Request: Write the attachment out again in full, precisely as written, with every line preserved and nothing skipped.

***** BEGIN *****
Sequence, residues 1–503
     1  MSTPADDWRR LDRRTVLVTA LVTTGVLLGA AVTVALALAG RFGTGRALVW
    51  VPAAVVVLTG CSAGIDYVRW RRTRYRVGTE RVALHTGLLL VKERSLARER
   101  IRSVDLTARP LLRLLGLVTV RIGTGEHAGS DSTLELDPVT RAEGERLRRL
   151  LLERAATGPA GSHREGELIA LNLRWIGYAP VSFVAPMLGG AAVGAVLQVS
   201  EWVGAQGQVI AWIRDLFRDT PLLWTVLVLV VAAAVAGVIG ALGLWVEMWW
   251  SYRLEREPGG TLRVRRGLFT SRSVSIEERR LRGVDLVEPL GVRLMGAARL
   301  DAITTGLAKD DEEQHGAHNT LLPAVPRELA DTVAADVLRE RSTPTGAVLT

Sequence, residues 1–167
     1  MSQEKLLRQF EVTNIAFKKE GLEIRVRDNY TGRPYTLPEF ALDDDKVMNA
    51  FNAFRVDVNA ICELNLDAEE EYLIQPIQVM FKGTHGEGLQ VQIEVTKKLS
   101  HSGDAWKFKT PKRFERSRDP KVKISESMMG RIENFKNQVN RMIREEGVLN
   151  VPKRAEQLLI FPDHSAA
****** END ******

Sequence, residues 1–503
     1  MSTPADDWRR LDRRTVLVTA LVTTGVLLGA AVTVALALAG RFGTGRALVW
    51  VPAAVVVLTG CSAGIDYVRW RRTRYRVGTE RVALHTGLLL VKERSLARER
   101  IRSVDLTARP LLRLLGLVTV RIGTGEHAGS DSTLELDPVT RAEGERLRRL
   151  LLERAATGPA GSHREGELIA LNLRWIGYAP VSFVAPMLGG AAVGAVLQVS
   201  EWVGAQGQVI AWIRDLFRDT PLLWTVLVLV VAAAVAGVIG ALGLWVEMWW
   251  SYRLEREPGG TLRVRRGLFT SRSVSIEERR LRGVDLVEPL GVRLMGAARL
   301  DAITTGLAKD DEEQHGAHNT LLPAVPRELA DTVAADVLRE RSTPTGAVLT

Sequence, residues 1–167
     1  MSQEKLLRQF EVTNIAFKKE GLEIRVRDNY TGRPYTLPEF ALDDDKVMNA
    51  FNAFRVDVNA ICELNLDAEE EYLIQPIQVM FKGTHGEGLQ VQIEVTKKLS
   101  HSGDAWKFKT PKRFERSRDP KVKISESMMG RIENFKNQVN RMIREEGVLN
   151  VPKRAEQLLI FPDHSAA